Research use in education: An online survey of school practitioners







Full text


Larysa V. Lysenko

Concordia University

Philip C. Abrami

Concordia University

Robert M. Bernard

Concordia University

Christian Dagenais

Université de Montréal


This paper summarizes the results of a pan-Canadian online survey study that investigates the extent to which school practitioners (N = 1,153) use research to inform their practice. The self-reports indicate that the majority of the respondents used educational research, yet this engagement was infrequent. Although the respondents shared neutral attitudes about research, their comments add rather a negative connotation to their perceptions. This study’s findings are

relevant to school leadership organizations, teacher education institutions, and

research-generating bodies as they point to the necessity of increasing research relevance and accessibility, cultivating teaching as a research-based profession, and building school capacity to use research.

Keywords: online survey, self-reported attitudes and behaviours, use of research-based information, factors, school practice

Larysa Lysenko, Ph.D. is a professional researcher at the Centre for the Study of Learning and Performance, Department of Education, Concordia University, 1211 St. Mathieu, Montreal, Quebec, Canada, H3H 2S2


Philip C. Abrami, Ph.D. is a Professor, University Research Chair, and the Director of the Centre for the Study of Learning and Performance, Department of Education, Concordia University, 1211 St. Mathieu, Montreal, Quebec, Canada, H3H 2S2


Robert M. Bernard, Ph.D. is Professor of Education and Leader of the Systematic Review Sub-Theme at the Centre for the Study of Learning and Performance, Concordia University, S-FG 6207 Faubourg Ste-Catherine Building, 1610 St. Catherine W., Montreal, Quebec, Canada, H3H 2S2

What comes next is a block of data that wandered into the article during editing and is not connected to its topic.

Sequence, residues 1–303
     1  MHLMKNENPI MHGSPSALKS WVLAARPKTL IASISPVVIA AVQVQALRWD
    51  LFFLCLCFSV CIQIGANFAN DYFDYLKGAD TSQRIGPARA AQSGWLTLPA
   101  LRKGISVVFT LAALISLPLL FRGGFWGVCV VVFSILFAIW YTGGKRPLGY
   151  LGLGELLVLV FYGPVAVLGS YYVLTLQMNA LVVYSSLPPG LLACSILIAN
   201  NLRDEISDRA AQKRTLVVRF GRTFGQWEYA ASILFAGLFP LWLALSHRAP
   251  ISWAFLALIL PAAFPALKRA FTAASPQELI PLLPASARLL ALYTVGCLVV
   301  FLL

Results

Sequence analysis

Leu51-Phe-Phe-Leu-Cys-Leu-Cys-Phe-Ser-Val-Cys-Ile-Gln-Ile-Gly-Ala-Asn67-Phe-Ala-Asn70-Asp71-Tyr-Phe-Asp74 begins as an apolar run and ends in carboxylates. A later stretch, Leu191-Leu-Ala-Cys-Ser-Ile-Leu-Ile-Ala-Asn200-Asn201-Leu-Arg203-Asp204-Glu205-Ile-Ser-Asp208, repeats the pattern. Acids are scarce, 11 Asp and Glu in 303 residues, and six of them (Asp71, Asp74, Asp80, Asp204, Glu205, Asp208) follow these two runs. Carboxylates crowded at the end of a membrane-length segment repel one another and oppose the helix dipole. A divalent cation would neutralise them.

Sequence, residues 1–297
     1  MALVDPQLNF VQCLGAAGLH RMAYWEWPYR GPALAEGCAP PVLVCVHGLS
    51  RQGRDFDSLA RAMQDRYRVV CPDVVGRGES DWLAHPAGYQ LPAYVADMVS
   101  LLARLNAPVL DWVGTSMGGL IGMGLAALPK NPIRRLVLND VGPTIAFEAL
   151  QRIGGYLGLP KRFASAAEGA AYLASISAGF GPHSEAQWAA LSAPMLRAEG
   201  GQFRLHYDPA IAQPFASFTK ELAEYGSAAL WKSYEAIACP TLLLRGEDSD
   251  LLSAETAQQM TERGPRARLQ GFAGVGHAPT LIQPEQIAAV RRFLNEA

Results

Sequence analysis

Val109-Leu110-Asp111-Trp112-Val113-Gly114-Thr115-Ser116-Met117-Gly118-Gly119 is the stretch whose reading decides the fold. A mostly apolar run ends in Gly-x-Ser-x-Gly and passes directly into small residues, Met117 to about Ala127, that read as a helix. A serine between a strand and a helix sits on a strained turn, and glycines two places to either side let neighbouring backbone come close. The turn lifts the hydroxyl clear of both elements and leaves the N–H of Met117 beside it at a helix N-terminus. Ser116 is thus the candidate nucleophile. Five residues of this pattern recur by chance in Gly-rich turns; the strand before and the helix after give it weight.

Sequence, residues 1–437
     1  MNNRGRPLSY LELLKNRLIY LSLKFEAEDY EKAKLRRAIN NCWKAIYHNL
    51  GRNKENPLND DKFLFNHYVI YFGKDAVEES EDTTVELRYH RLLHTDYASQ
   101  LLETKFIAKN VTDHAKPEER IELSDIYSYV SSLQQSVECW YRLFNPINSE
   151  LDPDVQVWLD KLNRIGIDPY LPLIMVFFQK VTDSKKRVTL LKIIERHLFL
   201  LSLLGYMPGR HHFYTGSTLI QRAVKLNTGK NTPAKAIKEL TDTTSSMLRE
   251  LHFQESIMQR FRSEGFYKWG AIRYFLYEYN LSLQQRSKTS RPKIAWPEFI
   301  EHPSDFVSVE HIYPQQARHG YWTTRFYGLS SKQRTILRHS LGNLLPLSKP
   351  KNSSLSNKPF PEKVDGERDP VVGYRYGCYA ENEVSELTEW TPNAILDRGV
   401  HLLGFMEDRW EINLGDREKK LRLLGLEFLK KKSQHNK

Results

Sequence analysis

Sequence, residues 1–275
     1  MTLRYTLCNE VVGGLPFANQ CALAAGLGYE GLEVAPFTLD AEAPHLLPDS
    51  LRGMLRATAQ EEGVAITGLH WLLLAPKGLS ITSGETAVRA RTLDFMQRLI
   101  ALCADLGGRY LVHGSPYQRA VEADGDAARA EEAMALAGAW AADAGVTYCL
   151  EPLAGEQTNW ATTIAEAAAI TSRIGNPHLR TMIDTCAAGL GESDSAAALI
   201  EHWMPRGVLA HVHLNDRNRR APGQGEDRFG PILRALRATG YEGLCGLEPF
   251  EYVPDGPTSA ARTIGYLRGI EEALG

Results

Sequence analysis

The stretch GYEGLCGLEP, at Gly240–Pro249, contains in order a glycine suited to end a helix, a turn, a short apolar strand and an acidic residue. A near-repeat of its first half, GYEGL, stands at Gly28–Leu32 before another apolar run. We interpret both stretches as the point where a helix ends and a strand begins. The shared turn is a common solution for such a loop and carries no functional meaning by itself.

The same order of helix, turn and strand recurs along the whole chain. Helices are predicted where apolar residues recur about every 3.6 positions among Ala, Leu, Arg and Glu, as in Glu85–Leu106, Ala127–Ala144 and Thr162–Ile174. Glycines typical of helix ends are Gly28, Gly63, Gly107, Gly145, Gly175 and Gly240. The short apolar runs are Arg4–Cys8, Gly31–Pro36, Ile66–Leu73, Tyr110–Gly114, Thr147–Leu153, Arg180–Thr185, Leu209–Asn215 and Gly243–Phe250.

Christian Dagenais, Ph.D. is Associate Professor of Psychology at the University of Montreal, Pavillon Marie-Victorin, 90 Vincent d'Indy avenue, Montreal, Quebec, Canada, H3C 3J7



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In the past decades, research on educational issues and practices has generated a rich knowledge base that could be used to improve classroom teaching. However, there has been a persistent lack of a systematic application of the research knowledge to teaching practice (e.g., Organization of Economic Co-operation and Development publications, 2007; 2010). While early studies focused on the use of educational research by practitioners, there has been a recent and noticeable shift towards examining research use as a system property, meaning a coordinated series of actions by organizations to produce, transform, and implement research knowledge to improve both teaching practice and learning outcomes. To emphasize the systemic nature of research knowledge utilization and the multiplicity of agents involved, Sharples (2013) introduced the term “knowledge mobilization ecosystem,” in which the process of transforming research evidence into actionable knowledge for use is the critical component of the system.

However, this focus on creating and supporting an effective knowledge mobilization system has overshadowed efforts to examine and improve knowledge use by individual practitioners. For instance, Levin (2013) argues: “It is unreasonable and even undesirable to expect individual teachers or principals to be the key consumers of research findings” (p.18). Despite all the importance accorded to research use as an organizational process, it should not be forgotten that the individual teacher remains an agent of change whose actions makes the difference in the classroom.

Conceptual Framework

The literature suggests that research use is an interpretative process and is affected by more than research information alone. Walter, Nutley, and Davies (2005) suggest that individual characteristics including perceptions, experiences, skills, and social contexts such as organizational settings and broader environments also shape the ways research knowledge trickles down to individual practice. Coburn, Honig, and Stein (2009) specify that “individuals and groups make meaning of evidence in ways that are profoundly shaped by their pre-existing beliefs and practices and day-to-day limits” (p. 86).